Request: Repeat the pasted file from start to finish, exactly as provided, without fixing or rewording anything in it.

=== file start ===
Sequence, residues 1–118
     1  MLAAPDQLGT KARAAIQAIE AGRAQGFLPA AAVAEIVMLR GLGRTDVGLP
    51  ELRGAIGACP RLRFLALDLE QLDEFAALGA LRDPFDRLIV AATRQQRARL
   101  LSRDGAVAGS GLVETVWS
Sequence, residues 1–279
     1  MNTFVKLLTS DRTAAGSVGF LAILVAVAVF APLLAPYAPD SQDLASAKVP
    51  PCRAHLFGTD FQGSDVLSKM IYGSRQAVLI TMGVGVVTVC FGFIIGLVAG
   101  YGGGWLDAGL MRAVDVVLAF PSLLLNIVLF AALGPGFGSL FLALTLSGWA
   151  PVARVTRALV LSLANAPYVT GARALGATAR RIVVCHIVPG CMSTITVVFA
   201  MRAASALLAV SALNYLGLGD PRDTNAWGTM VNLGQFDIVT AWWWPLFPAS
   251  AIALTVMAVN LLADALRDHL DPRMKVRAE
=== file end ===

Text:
Sequence, residues 1–118
     1  MLAAPDQLGT KARAAIQAIE AGRAQGFLPA AAVAEIVMLR GLGRTDVGLP
    51  ELRGAIGACP RLRFLALDLE QLDEFAALGA LRDPFDRLIV AATRQQRARL
   101  LSRDGAVAGS GLVETVWS
Sequence, residues 1–279
     1  MNTFVKLLTS DRTAAGSVGF LAILVAVAVF APLLAPYAPD SQDLASAKVP
    51  PCRAHLFGTD FQGSDVLSKM IYGSRQAVLI TMGVGVVTVC FGFIIGLVAG
   101  YGGGWLDAGL MRAVDVVLAF PSLLLNIVLF AALGPGFGSL FLALTLSGWA
   151  PVARVTRALV LSLANAPYVT GARALGATAR RIVVCHIVPG CMSTITVVFA
   201  MRAASALLAV SALNYLGLGD PRDTNAWGTM VNLGQFDIVT AWWWPLFPAS
   251  AIALTVMAVN LLADALRDHL DPRMKVRAE